Jay Turser is a guitar manufacturer known for its affordability and owned by American Music & Sound. Jay Turser makes acoustic, electric, bass, and jazz guitars as well as amps.

Richelieu

Richelieu guitars and basses were made in Bridgeport, Connecticut from 1982 to 1984. The company was started by John Toth and Richard Syarto. Richelieu made custom neck-through-body Spectre guitars, and with various pickup and finish options. Relatively few Richelieu instruments were made (probably less than 100). The company became Black Rock Guitars in the mid 1980s and John Toth carried on while Richard Syarto went on to work for the Fender Custom Shop.

Pablo

Pablo was a brand name of Shino Musical Instrument Corporation, who sold high priced Japanese made Pablo and Sofia acoustic guitars in the 1970s.Their slogan was:

High price yes! But Pablo and Sofia are the Stradivari of guitars.

Source: Pablo & Sophia catalog 1970s

TAKAMINE EF-325SRC

Takamine EF-325SRC dreadnought acoustic guitar

The Takamine EF-325SRC was a dreadnought style acoustic, with single cutaway introduced in the early 1990s and made until around 2003. The top was solid spruce with DC-1 bracing and black and white binding. Sides were bubinga and the neck was mahogany. These had a red stain with clear gloss polyurethane finish. These had a palathetic pickup with the 3-band Graph-Ex preamp assembly and an end-pin jack. The sound-hole label was a wood burned stamp and the serial number was found on a Takamine paper sticker on the heel block.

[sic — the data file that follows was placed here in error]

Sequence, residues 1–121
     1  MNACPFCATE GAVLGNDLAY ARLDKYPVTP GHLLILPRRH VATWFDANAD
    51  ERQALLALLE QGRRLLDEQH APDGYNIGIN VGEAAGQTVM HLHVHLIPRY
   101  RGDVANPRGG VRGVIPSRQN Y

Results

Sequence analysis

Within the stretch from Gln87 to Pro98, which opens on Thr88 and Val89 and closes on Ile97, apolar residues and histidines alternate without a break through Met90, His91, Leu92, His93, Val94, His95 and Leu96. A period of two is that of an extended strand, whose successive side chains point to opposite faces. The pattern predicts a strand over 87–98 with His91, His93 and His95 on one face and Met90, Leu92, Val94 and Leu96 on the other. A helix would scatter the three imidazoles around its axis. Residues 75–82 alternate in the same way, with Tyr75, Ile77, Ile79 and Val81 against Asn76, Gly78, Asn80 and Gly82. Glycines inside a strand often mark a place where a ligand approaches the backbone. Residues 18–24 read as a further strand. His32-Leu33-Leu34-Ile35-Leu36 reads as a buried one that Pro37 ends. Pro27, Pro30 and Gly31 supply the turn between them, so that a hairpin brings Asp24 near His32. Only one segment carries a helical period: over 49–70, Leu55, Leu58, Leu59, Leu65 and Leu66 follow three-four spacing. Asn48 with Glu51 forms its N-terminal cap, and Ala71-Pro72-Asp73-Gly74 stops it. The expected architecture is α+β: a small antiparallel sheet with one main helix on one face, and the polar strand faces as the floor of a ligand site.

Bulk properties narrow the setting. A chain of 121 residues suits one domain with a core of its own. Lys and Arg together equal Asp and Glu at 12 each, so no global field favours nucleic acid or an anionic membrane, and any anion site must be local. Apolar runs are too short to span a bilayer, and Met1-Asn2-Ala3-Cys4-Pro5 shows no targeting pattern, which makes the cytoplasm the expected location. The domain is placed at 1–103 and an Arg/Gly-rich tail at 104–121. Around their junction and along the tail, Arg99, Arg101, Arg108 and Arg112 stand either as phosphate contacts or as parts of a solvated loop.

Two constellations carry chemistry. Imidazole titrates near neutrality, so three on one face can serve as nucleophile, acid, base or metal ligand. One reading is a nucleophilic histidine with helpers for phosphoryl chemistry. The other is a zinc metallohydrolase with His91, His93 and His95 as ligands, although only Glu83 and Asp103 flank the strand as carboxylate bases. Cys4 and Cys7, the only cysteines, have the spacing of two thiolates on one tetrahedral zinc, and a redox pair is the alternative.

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Rocktek

Rocktek was a brand name of affordable (plastic) effects pedals and amplifiers. Rocktek was distributed in the USA by D'Andrea Inc. and the the UK by JHS. Rocktek products were available from the 1980s until around 2004.

Source: Rocktek website (archived 2004)

Status Quo Charvel Jackson 1988

Status Quo Charvel Jackson advert 1988

Although Status Quo were best known for using Fender Telecasters they endorsed and used Charvel guitars in 1988 when recording their album "Ain't Complaining". The guitars look like Model 2 & Model 6 but with a telecaster bridge - maybe these were custom made?

Whatever you want...

Superstars Francis Rossi and Rick Parfitt of the legendary Rock Band Status Quo along with guvner’ Bass Guitarist John “RHINO” Edwards play and endorse Charvel / Jackson

Introducing Fender's new panel of experts 1988

Introducing Fenders new panel of experts - Fender Champ 12 advert 1988